Oct. 23, 2007, might have been just another Tuesday for most Americans but for Carmin Rougle, it was the day all future moments with her father were stolen. She was just 3 years old.
Army Staff Sgt. Larry Rougle, of West Jordan, Utah, was killed at Sawtalo Sar Mountain, Kunar Province, Afghanistan, when he was engaged by enemy small arms fire. At just 25 years old, he left behind a young daughter with cloudy memories of her father and loved ones buried in grief.
Losses like Larry’s inspired Army Chief Warrant Officer 3 Michael Gomolka to create Project 33 Memorial Foundation, a nonprofit dedicated to annually honoring one Special Operations soldier on Memorial Day who has died since 9/11.
“I have almost 23 years in service, which if you do the math, brings you to pre 9/11. At this point I’ve served multiple combat tours overseas in Iraq, Afghanistan and everywhere else you can imagine,” Gomolka said. “I lost a few buddies of mine along the way, and anyone who’s been through any kind of environment like that knows that there’s challenges and grieving that is done on an individual basis. It was so hard to manage, but by 2005, I had almost become numb to it.”
RELATED: Project 33 Memorial Foundation honors fallen Green Beret
Thinking the war would soon be over, Gomolka left the 3rd Battalion, 75th Ranger Regiment for the “Q” course. He became a Green Beret attached to the 19th Special Forces Group through the Army National Guard. But the war continued and he was in the thick of it – over and over again.
After a rough Afghanistan deployment in 2016, Gomolka wanted to do something about what he had witnessed.
“I was watching 16 years of America fighting this war, and it felt like no one knew who these men were,” he said. “When someone dies, the support is immediate for the first few months and then fast forward 10 years and it’s nonexistent. I wanted people to know them, to remember their names. A year later, I turned to my wife Samantha and told her I was going to run.”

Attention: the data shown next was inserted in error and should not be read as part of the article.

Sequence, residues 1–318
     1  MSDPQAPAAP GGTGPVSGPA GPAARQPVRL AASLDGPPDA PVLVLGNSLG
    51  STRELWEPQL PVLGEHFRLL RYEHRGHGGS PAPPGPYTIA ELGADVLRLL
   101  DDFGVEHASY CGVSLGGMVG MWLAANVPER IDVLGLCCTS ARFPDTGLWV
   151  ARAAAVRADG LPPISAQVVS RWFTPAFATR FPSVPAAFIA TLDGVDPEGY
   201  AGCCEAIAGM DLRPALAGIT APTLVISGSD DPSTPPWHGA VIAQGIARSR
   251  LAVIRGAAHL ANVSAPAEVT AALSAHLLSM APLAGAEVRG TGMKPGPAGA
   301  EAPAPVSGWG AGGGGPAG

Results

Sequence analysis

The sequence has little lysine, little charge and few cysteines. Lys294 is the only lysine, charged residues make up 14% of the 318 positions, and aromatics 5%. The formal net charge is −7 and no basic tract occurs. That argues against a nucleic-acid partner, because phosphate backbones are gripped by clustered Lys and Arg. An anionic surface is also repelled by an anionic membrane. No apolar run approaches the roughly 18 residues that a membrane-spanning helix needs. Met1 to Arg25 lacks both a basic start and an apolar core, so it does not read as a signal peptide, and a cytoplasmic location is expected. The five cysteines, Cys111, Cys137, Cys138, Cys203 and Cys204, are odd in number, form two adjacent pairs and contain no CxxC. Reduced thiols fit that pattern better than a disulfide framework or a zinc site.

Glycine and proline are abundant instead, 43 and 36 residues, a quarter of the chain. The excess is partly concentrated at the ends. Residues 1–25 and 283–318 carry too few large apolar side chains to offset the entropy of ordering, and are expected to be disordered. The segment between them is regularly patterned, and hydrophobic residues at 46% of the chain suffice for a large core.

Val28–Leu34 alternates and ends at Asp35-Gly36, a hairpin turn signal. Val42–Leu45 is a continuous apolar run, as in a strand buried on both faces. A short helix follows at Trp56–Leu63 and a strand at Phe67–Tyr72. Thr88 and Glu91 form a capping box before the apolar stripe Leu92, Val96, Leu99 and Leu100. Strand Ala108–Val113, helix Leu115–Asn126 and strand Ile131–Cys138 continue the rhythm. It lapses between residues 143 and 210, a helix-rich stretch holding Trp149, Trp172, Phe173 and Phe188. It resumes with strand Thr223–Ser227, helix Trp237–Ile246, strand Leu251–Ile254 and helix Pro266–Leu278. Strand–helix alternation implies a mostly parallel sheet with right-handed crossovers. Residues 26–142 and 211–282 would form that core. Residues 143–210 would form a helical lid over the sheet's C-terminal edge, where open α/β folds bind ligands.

Knowing this mission was bigger than just one man, his wife gathered the troops and the rest as they say, is history. Project 33 is now in its sixth year running 6.8 miles for the fallen and is preparing to honor Rougle, who Gomolka served with as a Ranger.
History of Project 33
Though Larry was divorced from his wife, Jackie Taylor, at the time he was killed, the two remained close. The couple began dating, and Taylor said that despite his intellect, Larry was often in trouble with the law.
“He was in and out of juvenile detention and then he was turning 18 soon,” Taylor said. “The judge told him he could either enlist in the military or he was sending him to prison.”
A 2018 analysis by the Council on Foreign Relations found that the majority of the modern enlisted warriors come from low or middle-class socioeconomic status.
According to Taylor, Larry blew through basic training, leaving as an honor grad in March 2000. From there, he trained to become a Ranger. During the process, he cut his finger badly, almost losing it. He refused to be recycled and instead finished the course with stitches and tape holding it together.